Thursday, March 31, 2011

Good Article on User Interface Design Rules

I found a well-written article about user interface design rules. "Understanding user interface design rules," by Jeff Johnson, EE Times. (Two part article links:  Part 1  | Part 2 )

The take-aways are:
  • Make the operation task-focused, simple, and consistent. Bring the operation itself as close to possible as what the user wants to accomplish (the outcome), not what the device knows how to do (the mechanisms available).
  • Keep things simplicity and consistent.
  • Make the terminology familiar (and task-focused, and simple). Use the meaning that people expect to see, not jargon. Use different terms whenever there is a concept that differs in an important way. Don't use different terms if the difference doesn't matter to the user.
  • Make mistakes low cost (e.g., provide undo) so people aren't afraid to explore the interface.
The concept of an objects/actions matrix looks interesting. The idea is you put objects as the rows of a matrix and actions on those objects as a column.  Whenever an action is permissible for an object it gets a check mark in the matrix.  Good designs have square, densely filled in matrices (simple, consistent). Bad designs have large, sparsely filled in matrices (complex, inconsistent).

This article is well worth the time for anyone who designs embedded systems.

Thursday, March 24, 2011

Using a Risk Analysis Table to Categorize Bug Priority

Perhaps the single most difficult thing to get right in a bug report is assigning a priority. It is tempting to assign a priority based on how spectacular the result is. But you also need to take into account how likely the bug is to manifest in a deployed system. For example, a bug that causes a system to crash and automatically reboot may be a lot more dramatic than a confusing screen message, but if that confusing screen message results in thousands of tech support calls, it could be a disaster for your company.  The best approach is one that combines severity and probability.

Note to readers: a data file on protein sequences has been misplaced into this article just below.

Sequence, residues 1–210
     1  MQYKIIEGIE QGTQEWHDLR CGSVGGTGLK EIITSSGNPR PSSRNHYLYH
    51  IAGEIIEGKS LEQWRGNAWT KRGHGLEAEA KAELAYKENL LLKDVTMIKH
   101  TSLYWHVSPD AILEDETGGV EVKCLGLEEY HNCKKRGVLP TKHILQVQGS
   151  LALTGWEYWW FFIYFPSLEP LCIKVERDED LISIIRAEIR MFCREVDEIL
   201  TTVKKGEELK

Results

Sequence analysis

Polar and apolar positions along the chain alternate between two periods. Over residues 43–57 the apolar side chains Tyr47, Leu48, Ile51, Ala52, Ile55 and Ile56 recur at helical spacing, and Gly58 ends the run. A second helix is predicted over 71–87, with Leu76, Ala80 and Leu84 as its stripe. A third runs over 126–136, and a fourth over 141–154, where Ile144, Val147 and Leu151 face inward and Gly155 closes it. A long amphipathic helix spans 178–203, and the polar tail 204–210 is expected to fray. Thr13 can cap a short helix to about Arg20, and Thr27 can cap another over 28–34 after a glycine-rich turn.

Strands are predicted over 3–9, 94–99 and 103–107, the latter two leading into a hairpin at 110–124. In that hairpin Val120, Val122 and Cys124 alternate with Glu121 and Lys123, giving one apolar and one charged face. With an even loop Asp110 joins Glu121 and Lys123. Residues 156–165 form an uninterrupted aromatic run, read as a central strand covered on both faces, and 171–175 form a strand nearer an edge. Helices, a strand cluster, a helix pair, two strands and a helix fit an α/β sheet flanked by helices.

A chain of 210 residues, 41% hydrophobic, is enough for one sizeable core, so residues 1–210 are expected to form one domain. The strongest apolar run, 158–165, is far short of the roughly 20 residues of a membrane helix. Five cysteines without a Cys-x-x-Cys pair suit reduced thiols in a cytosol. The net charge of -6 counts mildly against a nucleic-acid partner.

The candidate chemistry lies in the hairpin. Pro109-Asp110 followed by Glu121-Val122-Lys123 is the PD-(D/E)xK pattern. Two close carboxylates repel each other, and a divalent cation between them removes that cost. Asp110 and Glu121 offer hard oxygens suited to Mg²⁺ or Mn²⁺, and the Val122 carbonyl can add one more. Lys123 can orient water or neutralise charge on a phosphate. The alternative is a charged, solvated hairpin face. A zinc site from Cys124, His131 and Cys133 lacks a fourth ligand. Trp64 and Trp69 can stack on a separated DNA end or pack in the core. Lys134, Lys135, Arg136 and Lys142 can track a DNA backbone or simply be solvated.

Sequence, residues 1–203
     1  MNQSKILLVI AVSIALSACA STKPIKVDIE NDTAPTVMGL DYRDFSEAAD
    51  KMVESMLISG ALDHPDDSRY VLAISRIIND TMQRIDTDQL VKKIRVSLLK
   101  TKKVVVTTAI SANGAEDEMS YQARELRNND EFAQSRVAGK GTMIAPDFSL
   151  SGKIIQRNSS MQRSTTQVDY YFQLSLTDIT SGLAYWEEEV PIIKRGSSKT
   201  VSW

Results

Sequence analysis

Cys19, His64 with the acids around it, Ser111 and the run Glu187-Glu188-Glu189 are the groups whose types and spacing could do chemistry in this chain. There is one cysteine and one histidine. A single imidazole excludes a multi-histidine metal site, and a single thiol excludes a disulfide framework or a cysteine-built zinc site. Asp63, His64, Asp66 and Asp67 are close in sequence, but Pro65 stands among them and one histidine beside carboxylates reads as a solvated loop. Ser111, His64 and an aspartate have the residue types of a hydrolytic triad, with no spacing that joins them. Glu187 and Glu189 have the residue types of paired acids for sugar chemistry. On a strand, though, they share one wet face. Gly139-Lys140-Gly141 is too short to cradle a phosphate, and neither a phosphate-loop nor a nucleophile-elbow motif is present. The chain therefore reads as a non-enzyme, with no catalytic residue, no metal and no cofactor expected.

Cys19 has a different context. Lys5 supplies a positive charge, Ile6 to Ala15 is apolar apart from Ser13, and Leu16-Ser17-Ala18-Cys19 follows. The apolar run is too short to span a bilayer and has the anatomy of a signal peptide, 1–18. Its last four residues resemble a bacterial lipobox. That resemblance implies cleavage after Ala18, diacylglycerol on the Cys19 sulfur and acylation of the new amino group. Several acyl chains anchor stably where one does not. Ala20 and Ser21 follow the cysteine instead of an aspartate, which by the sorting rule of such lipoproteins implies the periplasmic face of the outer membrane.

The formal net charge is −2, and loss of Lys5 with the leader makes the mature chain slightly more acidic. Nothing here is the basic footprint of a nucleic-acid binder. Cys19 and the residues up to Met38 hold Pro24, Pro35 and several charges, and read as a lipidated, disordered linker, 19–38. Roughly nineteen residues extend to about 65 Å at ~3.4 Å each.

It is tempting to try to use fancy math to combine severity and probability. Usually that doesn't work out so well in practice. Instead, I recommend borrowing a technique from the safety critical system community. They use a Risk Table to assign a "criticality" to a particular adverse event as part of their Preliminary Hazard Analysis (PHA). You can use the same table in a different way and just say you are assigning bug "priority" instead of "risk."  Below is an example Risk Table:


Probability is your best estimate as to how often the bug will be seen in use. Consequence is how big a problem it will cause. The Risk (indicated by each box in the grid) is how big the risk is to product reputation -- which ought to be the same as the bug priority.  It helps to have clearly defined statements to guide assigning any particular bug to a row and to a column. Once you assign probability and consequence, the table tells you the priority of that particular bug.


You can modify this table to have 3 to 6 rows and 3 to 6 columns depending upon your needs (the table can be a rectangle rather than a square).  You can also modify the asymmetry of assigning risks as has been done in this example (consequence is weighted a bit higher than probability for this table by putting extra "Very High" boxes on the top row and so on). The point is not the table itself, but rather that binning things in this way makes assigning bug priority a lot easier for people to do in practice.